I am taking a course in logistic regression, and currently my class is about to finish our discussion about simple logistic regression. My professor said that the following statement is correct:

For one unit increase in x, the odds(event) is increased (decreased) by the factor $\exp(β_1)/(1-\exp(β_1))$ when $β_1$ is positive (negative).

I understand all of this except for the $(1-\exp(\beta_1))$ part. Why wouldn't the $\rm odds(event)$ just decrease by $\exp(\beta_1)$?

Where $\rm odds(event) = P(event)/(1-P(event))$ and $x$ is a continuous predictor.

  • $\begingroup$ I took the liberty of editing your post to utilize the markup features CV supports. Please ensure it still says what you want it to. $\endgroup$ Commented Feb 15, 2015 at 16:17

3 Answers 3


For inference in logistic regression, it would be easier to think in terms of log odds instead of odds. A simple logistic regression model is a generalized linear model with the form $$ \newcommand{\logit}{\rm logit} \newcommand{\odds}{\rm odds} \newcommand{\expit}{\rm expit} \logit(\pi_i) = \beta_0 + \beta_1X_{i1}, $$ where $\logit(\pi_i) = \log(\frac{\pi_i}{1-\pi_i}) = \log(\odds(\pi_i))$. Notice that it has the exact same form as linear regression with a Bernoulli-distributed transformed dependent variable. This has the more intuitive interpretation that for every increase in $X_{i1}$, the expected log odds in favor of $X_{i1}$ increase by $\beta_1$.

If you want to interpret the model in terms of odds, you just have to exponentiate the logit, which is what you initially assumed. This gives you $\odds(\pi_i) = \exp(\beta_0 + \beta_1X_{i1})$, and not $\odds(\pi_i) = \frac{\exp(\beta_0 + \beta_1X_{i1})}{1 + \exp(\beta_0 + \beta_1X_{i1})}$. The interpretation in this case is that for every increase in $X_{i1}$, the expected odds in favor of $Y_i = 1$ increase by $\exp(\beta_1)$. I think either you or your professor got odds and probability mixed up in your professor's explanation.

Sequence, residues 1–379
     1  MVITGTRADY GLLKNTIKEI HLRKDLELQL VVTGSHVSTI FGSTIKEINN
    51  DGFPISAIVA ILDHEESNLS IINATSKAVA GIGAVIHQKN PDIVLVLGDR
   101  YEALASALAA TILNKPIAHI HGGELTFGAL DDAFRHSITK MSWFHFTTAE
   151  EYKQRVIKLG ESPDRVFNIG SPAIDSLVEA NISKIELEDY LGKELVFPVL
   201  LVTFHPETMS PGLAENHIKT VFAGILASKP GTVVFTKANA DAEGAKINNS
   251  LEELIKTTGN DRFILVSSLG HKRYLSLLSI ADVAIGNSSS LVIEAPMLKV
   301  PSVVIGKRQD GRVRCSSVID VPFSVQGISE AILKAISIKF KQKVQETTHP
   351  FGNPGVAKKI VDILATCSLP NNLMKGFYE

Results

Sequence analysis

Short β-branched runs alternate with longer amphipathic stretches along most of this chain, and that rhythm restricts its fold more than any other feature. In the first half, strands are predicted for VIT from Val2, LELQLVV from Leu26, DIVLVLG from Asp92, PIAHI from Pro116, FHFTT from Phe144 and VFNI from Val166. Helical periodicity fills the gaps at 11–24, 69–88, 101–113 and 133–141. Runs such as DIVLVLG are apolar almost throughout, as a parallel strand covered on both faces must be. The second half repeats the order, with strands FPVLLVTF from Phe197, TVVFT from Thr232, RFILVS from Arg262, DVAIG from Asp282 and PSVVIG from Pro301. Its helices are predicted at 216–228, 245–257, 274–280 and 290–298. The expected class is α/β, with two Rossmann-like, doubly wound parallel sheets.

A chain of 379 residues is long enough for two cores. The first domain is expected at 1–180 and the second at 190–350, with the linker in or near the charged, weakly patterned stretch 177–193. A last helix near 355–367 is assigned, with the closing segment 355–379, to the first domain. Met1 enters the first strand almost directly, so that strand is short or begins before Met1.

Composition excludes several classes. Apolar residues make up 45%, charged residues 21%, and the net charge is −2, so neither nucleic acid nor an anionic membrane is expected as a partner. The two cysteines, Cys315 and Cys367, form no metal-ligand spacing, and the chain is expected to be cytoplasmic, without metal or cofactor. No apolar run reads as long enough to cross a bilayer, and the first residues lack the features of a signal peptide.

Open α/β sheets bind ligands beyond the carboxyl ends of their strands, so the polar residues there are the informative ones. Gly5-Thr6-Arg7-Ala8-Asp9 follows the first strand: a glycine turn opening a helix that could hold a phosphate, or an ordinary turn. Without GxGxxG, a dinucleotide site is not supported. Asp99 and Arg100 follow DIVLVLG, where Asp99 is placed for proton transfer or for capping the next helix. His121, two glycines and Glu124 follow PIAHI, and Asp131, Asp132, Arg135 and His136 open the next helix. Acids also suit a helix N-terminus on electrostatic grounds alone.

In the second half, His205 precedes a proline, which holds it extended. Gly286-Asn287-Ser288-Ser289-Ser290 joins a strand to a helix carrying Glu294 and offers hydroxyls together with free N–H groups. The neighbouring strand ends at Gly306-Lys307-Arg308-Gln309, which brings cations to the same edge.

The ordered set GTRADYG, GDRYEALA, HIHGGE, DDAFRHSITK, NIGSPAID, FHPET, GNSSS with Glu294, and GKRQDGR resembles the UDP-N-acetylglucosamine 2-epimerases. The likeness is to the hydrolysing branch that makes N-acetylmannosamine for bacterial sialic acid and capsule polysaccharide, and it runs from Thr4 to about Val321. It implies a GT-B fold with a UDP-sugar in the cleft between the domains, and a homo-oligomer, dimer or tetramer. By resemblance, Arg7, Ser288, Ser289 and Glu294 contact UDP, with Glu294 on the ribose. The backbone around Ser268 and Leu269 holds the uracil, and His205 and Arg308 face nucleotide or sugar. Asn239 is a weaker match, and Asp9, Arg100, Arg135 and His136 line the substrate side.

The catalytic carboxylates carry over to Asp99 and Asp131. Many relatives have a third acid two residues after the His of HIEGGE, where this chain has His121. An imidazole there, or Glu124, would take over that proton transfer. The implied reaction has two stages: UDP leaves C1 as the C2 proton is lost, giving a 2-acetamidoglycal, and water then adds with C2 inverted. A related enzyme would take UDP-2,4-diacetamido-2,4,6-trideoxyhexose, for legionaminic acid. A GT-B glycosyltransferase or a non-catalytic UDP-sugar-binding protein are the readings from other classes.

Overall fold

If you want to draw inference on probabilities, you need to invert the $\logit$ transformation by taking the $\expit$ of both sides, where $\expit(x) = \frac{\exp(x)}{1 + \exp(x)}$. In that case, we have $\pi_i = \frac{\exp(\beta_0 + \beta_1X_{i1})}{1 + \exp(\beta_0 + \beta_1X_{i1})}$ as our expected probability that $Y_i=1$. In this case, it is difficult to draw inference in terms of probabilities, which is why we transform back to probabilities by taking the expit of our expected log odds.


If your professor said that, they were wrong. The estimated betas ($\hat\beta_1$) in logistic regression are on the scale of the linear predictor. That is, they are changes in log odds. Exponentiating them (i.e., $\exp(\hat\beta_1)$) converts them from additive changes in log odds to multiplicative changes in odds. In other words, you are right, the odds would decrease (increase) by a factor of $\exp(\hat\beta_1)$. This follows from the definition of logarithms and exponentiation. When the odds are divided by $1+\rm odds$ (not $1-\rm odds$), then you will get a predicted probability.

In addition, your professor's expressions seem to be missing the intercept, $\hat\beta_0$, unless it was suppressed (a bad idea). That is, the predicted probability of 'success' ($Y=1$) at a particular point, $X=x_i$, is $\exp(\beta_0 + \beta_ix_i)/(1+\exp(\beta_0 + \beta_ix_i))$. This seems to be confused on multiple levels; that may be a bad sign.


The manner in which I asked this question may have been misleading:

Let B1 = -1 for a dichotomous variable X.

Note that Odds(X=1) = exp(B1)*Odds(X=0)

If B1 < 0 then the odds decreases by the factor 1 - exp(B1)

Ex: Let B1 = -1 then Odds(X=1) = exp(-1)*Odds(X=0) = .367*Odds(X=0)

So, in fact, we have a 1- e^(-1) = 1-.367 = .633 => 63.3% decrease.

This is what I meant. Sorry for any confusion.


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